Under the Sea
- Grades: PreK–K, 1–2
With summer fast approaching, many students will soon be off to visit the ocean. If you didn’t already kick off an ocean unit during Shark Week, you are in plenty of time for World Ocean Day on June 8. The ecosystems and environmental issues alone will enthrall your students as they learn about sharks, corals, and tides. And you can find more ideas at the Oceans: Everything You Need collection. I’ve selected some picture books, activities, and visuals for you to use in the classroom as you study the watery deep. I think your kids will especially enjoy the jellyfish art activity. Have fun and feel free to let me know what favorite ocean resources you use in your classroom.
Written by Melvin and Gilda Berger
Published by Scholastic
Are you looking for a good nonfiction series to kick off a writing unit? Well, you're going to really enjoy the Now I Know books. This title has large colorful photos, simple text, close ups and "Did you know?" facts. The glossary in the back is a nice example to introduce to students.
Be sure to print out copies of my ocean creatures to help spruce up your classroom as you launch your ocean unit:
I Spy Under the Sea
Written and Illustrated by Edward Gibbs
Published by Templar Books
If your students are anything like mine, your I Spy books are falling apart from constant use. Kids just love to find things or solve a mystery. I Spy Under the Sea uses clues and diecut pages to prompt children to look at a small piece of an illustration and guess what it is. Seahorses, crabs, and clownfish are just a few of the ocean creatures they'll discover in this book.
Herbert: The True Story of a Brave Sea Dog
Written and Illustrated by Robyn Belton
Published by Candlewick Press
One of the nice things about Herbert is that the end papers display a collection of primary source materials that can easily be xeroxed and shared with students. The book itself tells the story of a small dog from New Zealand who falls overboard but is rescued some thirty hours later. The simple tale and sweet illustrations give it somewhat of an Old Yeller or The Yearling feeling.
To the Beach
Written and Illustrated by Thomas Docherty
Published by Templar Books
To the Beach tells the story of a boy who packs up for the beach and then imagines the different modes of transportation he’ll need to get there. It’s a similar flavor to If You Give a Mouse a Cookie and would work well in a transportation unit as well as an ocean unit. The double spread illustrations are great examples to share with students. Be sure to try my To the Beach Skills Sheet.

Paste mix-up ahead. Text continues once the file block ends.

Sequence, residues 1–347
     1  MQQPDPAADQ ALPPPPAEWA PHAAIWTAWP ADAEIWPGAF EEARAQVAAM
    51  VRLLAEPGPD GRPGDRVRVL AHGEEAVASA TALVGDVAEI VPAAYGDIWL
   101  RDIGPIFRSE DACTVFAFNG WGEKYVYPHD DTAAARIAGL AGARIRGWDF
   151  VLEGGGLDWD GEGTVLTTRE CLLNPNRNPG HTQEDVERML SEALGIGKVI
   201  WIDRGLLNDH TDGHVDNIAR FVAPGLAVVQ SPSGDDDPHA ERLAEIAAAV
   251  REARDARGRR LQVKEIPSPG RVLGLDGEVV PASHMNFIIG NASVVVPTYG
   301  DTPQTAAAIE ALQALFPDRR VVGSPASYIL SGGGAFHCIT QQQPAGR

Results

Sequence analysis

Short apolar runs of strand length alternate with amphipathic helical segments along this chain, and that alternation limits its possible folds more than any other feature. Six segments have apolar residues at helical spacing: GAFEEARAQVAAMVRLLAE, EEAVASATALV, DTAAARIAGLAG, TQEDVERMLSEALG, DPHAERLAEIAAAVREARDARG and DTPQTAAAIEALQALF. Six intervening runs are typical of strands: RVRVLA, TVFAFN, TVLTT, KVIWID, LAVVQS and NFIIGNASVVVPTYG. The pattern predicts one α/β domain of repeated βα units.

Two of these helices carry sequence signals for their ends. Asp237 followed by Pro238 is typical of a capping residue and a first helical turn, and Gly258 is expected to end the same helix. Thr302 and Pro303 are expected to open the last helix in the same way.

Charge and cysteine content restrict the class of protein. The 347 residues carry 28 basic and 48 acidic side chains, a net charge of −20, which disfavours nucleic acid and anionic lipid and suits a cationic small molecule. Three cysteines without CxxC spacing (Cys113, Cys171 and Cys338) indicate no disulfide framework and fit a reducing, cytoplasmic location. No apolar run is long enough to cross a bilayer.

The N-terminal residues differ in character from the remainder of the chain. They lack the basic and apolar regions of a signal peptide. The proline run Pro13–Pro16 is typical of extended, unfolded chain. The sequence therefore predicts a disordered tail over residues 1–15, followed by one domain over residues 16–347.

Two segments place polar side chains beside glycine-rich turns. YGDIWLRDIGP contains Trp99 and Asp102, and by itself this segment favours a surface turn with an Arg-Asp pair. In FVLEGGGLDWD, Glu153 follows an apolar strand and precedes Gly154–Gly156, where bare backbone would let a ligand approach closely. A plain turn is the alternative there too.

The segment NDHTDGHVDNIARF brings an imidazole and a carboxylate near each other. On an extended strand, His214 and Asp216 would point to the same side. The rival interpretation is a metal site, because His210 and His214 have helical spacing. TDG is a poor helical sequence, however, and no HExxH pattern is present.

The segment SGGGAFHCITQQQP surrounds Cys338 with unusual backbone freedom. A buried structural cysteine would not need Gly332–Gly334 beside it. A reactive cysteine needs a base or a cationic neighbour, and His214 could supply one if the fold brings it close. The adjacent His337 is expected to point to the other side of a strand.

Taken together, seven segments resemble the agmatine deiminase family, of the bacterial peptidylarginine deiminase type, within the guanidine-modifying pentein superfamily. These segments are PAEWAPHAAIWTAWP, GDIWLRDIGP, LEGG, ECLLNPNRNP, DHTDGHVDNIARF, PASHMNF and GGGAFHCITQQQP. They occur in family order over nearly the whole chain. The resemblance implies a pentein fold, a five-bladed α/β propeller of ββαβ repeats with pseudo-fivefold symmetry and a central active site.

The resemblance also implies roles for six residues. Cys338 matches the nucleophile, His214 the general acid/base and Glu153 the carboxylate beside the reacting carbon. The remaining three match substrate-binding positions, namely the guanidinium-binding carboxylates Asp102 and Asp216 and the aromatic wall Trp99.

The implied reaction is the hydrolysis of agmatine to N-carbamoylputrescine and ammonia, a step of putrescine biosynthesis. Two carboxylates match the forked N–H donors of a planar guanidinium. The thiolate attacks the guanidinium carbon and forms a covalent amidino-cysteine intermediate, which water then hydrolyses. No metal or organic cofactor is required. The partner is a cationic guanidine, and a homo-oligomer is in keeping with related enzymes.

Written by Jennifer Berne
Illustrated by Eric Puybaret
Published by Chronicle Books
This informative picture book tells the story of ocean explorer Jacques Cousteau, as he grows up in France and becomes fascinated with both the ocean and film. Eventually his films are viewed on movie screens and theaters and he begins to work as an environmentalist, promoting the health and well-being of the world’s oceans. This is a great nonfiction title to add to your biography or ocean collection. Oh, and be sure to read the informative author’s notes at the end of the book and my Manfish Extension Activity Sheet.
To kick off an ocean study, why not integrate some math and create patterned jellyfish? For this activity you’ll need paper plates, watered down white glue, paint brushes, pencils, colored tissue paper, pipe cleaners, and Mod Podge (an all-in-one glue and sealer). To prepare, cut 1/3 off the plates, cut strips of tissue paper and pour glue into cups.
After looking at some photos of jelly fish, talk about the patterns some of them have, paying particular attention to the stripes or spots found on some. Students can decide what kind of pattern they’d like their jellyfish to have and draw it on both sides of their paper plate jellyfish.
After they have chosen two colors of tissue paper, they should tear the stripes or spots and place them on one side of the plate. (They can do the other side once the glue has dried.) Once they have laid out the tissue paper and are satisfied with their pattern, they should use the paint brush to apply the watered down glue, being sure to cover the tissue paper thoroughly.
Once the plate has dried, repeat the process on the opposite side. You can add the Mod Podge once both sides have dried. (Be sure to use in a well-ventilated area. I suggest you do this and not the students.)
For tentacles, attach strips of tissue paper and pipe cleaners to the flat edge of the plate. Attach a string to the plate if you want to hang them from the ceiling or staple them to a bulletin board display.